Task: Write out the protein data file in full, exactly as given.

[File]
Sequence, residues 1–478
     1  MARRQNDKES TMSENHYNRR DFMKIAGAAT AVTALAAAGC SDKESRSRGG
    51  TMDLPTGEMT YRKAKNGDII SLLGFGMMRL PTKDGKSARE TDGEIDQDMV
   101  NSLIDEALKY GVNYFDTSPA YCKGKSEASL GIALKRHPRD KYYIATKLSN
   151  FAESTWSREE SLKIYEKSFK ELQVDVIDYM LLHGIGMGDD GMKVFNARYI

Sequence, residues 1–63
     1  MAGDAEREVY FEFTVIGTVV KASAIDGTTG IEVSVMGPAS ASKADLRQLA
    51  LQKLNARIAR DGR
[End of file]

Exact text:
Sequence, residues 1–478
     1  MARRQNDKES TMSENHYNRR DFMKIAGAAT AVTALAAAGC SDKESRSRGG
    51  TMDLPTGEMT YRKAKNGDII SLLGFGMMRL PTKDGKSARE TDGEIDQDMV
   101  NSLIDEALKY GVNYFDTSPA YCKGKSEASL GIALKRHPRD KYYIATKLSN
   151  FAESTWSREE SLKIYEKSFK ELQVDVIDYM LLHGIGMGDD GMKVFNARYI

Sequence, residues 1–63
     1  MAGDAEREVY FEFTVIGTVV KASAIDGTTG IEVSVMGPAS ASKADLRQLA
    51  LQKLNARIAR DGR